And yet, a large percentage of people consider this outlet their main source of information.

My problem with Fox is that they are great at inflaming public opinion among the right-wing base, and not great about actual facts. And what are proclamations that are not grounded in facts? OPINION.

Newspapers used to clearly mark their opinion pages. You knew that someone was bringing a particular slant to a topic.

I just want a world based on facts.

So this is why I have a problem with some people at this time of year. A lot of people think of me as a "liberal." On many topics I have liberal views. I also have very conservative views on some things. I am amused at the things I think about... socially, I'm extremely "out there." Fiscally, I'm pretty conservative. I find wisdom across the board... I don't know many people who think that both the Occupy movement and Alex Jones have ideas worth pondering.

I've voted for Democrats, Republicans, Libertarians, and Green Party candidates. I've voted for candidates with no publicly disclosed political affiliation. I vote for people who I think are honest, and who I think will do the best job.

I don't think America is best-served by the current almost exclusively two-party system. That is not freedom of choice. Gore Vidal said they are just different wings of the Money Party, and more and more he seems to have perfectly captured that reality.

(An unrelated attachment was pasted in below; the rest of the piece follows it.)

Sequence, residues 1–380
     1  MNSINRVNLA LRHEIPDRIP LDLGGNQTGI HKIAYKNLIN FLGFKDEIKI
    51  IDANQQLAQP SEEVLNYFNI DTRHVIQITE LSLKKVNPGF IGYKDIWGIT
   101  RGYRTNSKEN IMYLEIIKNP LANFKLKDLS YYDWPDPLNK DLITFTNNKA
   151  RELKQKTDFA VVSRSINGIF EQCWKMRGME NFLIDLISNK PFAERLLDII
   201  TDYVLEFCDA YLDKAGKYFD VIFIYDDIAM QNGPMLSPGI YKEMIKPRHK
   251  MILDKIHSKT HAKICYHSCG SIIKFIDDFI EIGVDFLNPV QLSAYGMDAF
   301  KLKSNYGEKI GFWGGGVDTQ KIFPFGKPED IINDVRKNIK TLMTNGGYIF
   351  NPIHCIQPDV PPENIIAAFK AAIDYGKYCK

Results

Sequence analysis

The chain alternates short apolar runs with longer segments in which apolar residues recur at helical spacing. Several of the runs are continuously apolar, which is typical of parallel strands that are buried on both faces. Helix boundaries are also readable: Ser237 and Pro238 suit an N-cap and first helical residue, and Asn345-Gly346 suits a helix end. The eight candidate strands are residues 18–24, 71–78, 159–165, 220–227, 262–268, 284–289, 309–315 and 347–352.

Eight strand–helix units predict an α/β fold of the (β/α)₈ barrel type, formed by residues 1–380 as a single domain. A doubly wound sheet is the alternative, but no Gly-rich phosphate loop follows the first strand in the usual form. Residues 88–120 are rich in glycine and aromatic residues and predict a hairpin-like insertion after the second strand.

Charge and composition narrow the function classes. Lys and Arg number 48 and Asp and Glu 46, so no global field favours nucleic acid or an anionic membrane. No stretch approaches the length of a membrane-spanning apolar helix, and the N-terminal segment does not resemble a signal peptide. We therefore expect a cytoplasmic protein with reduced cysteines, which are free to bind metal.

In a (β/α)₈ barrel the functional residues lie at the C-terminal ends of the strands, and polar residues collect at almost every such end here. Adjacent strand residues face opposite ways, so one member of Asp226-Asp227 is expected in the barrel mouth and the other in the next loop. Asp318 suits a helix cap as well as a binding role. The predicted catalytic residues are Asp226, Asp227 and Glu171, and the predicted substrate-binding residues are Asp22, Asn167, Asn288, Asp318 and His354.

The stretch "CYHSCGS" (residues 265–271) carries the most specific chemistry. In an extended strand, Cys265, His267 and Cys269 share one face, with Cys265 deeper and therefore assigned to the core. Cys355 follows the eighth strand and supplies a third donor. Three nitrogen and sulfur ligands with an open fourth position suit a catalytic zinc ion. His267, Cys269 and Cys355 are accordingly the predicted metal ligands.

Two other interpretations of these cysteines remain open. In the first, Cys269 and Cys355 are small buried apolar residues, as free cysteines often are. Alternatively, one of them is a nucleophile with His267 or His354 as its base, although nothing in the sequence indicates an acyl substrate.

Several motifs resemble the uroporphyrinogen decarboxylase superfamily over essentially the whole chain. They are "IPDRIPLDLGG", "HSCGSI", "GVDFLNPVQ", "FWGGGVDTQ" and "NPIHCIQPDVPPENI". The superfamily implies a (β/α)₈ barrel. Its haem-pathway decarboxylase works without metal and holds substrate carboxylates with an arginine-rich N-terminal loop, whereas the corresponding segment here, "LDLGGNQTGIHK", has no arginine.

I was in Dallas when Ross Perot made noise in the 1992 election. He wound up with almost a fifth of the popular vote. That's as close, by a huge amount, to a legitimate third party as I've seen in my lifetime. What undid Perot was some inconsistency in his attack -- he didn't have a machine like the Democratic or Republican Party behind him -- an out-of-left-field VP choice, and some personal idiosyncracies that were picked apart by the establishment. Had he been more strategic, history could have been very different. What would the world have been like without Clinton, or with a third party rising up?

The two-party system should be abolished. There should be no party machinery. It's too limiting. The Electoral College should be done away with as well. It's an antiquated idea that works against the "one-person, one-vote" concept. We're (theoretically) a much more sophisticated country than we were 200 years ago. Time to let some old ideas fade into history.


I vote the way I do because I value facts over opinions. Although I lost a friend last night over politics, he could have kept me in the dialogue if he hadn't merely spouted political postures and slogans, but instead came at me with facts.

You say Obama will cut $700 billion from Medicare? That's true, according to the International Business Times. It will do so by making the program more efficient, and turn those savings into funding for the Affordable Care Act. In other words, he's going to save $700 billion in the next 10 years.

The GOP plan is to gut ACA, and give seniors "vouchers" to pay for health care. In other words, privatize health care. Because that works so well, doesn't it? If health care costs go up so that the vouchers don't cover everything? Seniors will have to find a way to cover the difference.

Those are the facts. My opinion? That's not right. I've been around enough older people to know how tight most of their finances are. To me, the idea of a political action that puts their health at risk is unconscionable.

So I can't vote with the GOP on this one.